Late in February 2020, Apple announced an opening for the role of country leader in Nigeria to oversee sales and business development. When eventually taken, this will be the next interest in an African country-based official after South Africa. But for now, there are no official stores on the continent, only authorised reseller stores.
Based on the premise of inclusiveness, Apple claims to have built a reputation for having the highest percentage of blacks in its employee base in the US compared to other global tech giants. Though it boasts a 9% black inclusion, critics say this is not inclusive because they are mainly retail staff with only a few occupying leadership positions.
If speculations are something to go by on the need for a Nigerian executive, this suggests Nigeria is a major market for the less-expensive iPhones planned to be mass-produced in early March, while further stating that the devices will be relatively affordable for Nigerians.
However, considering Apple’s products are high-end, expensive devices, which apparently are not for all markets, this doesn’t seem feasible. The prices of the said low-cost phones as proposed by Apple in its plan to address a wider market are suspected to range between $399 (₦145,635) and $449 (₦163,885) – prices of previous flagship phones. These are not cheap when compared to Android rivals in some markets.
Speaking of markets, the Nigerian smartphone market is highly dominated by Tecno, Infinix, Samsung, Huawei, and itel phones for obvious reasons – Android devices with varying prices for different consumers.
Meanwhile, a mobile vendor market share report by StatCounter reveals that sales of Apple devices stand at about 7.28% in Nigeria as of February 2020. Comparing this to Tecno’s 25.34% shows that these devices are selective, and Apple clearly has its niche.
Possible setback for Apple’s interest in Nigeria
When multinationals want to expand their companies abroad, and especially when it is going to involve a physical presence aside creating a representation hinged on technology, a country manager — either an expat or a local — has to be put in place. But this has to be done right and for the right reasons.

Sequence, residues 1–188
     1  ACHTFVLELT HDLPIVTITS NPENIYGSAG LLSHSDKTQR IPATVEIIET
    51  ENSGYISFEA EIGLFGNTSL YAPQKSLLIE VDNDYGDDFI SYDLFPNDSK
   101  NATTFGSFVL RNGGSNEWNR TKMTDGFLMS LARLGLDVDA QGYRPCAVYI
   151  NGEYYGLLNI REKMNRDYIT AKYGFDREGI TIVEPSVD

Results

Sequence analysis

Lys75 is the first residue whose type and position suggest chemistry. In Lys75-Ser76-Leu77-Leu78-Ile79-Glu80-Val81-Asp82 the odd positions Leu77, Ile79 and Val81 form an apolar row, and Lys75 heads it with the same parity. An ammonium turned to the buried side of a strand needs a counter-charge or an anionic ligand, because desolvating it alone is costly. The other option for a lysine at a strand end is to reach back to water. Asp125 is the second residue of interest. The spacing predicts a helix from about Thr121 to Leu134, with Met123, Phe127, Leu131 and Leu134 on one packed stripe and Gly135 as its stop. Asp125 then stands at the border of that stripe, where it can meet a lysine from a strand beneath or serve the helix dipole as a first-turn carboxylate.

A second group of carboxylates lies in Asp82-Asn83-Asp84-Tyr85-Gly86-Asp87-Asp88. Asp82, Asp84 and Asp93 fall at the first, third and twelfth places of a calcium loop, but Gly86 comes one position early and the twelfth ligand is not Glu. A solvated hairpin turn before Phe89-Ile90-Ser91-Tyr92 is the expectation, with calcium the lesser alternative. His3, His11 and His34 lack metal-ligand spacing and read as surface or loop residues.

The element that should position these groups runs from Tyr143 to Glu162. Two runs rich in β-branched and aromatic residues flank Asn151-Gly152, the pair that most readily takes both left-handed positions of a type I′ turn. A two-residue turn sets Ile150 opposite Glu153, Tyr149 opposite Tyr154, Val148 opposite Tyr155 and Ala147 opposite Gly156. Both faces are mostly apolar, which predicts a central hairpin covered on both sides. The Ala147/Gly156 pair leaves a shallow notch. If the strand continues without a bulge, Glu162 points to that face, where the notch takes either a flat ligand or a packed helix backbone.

For instance, when Apple decided to appoint a country manager for India, the decision was based on the expectation that more Indians were moving into the middle class. This, according to the tech giant, looked good on the market for new ranges of iPhones, iPads, and MacBooks. Incidentally, a weak currency happened to be a major factor which previously held the firm back from India before it finally decided to give it a shot in 2018.
But in the third quarter of 2019, Apple’s sales in India reportedly grew after it “pulled its socks up and started focusing on the Indian market with special pricing, promotions and e-commerce push.”
If similar conditions apply to Nigeria, it appears Apple’s outlook on the Nigeria market seems quite ambitious. While considering the national minimum wage which has remained unchanged and the country’s somewhat weak currency, Nigeria may not be ready for sales growth for these niche-based products even though the smartphone market is growing.
Barring these lapses, there’s hope that this does not remain the case for long. The country leader position requires the selected individual to “focus on crafting and executing the strategy for Apple products and services across our three routes to market – enterprise, consumer and carrier …to grow Apple’s business across all the lines.”
In any case, if this is a means to increase Apple’s focus in Africa, the decision will be justified only when the move translates to improved sales.
However, time will tell.
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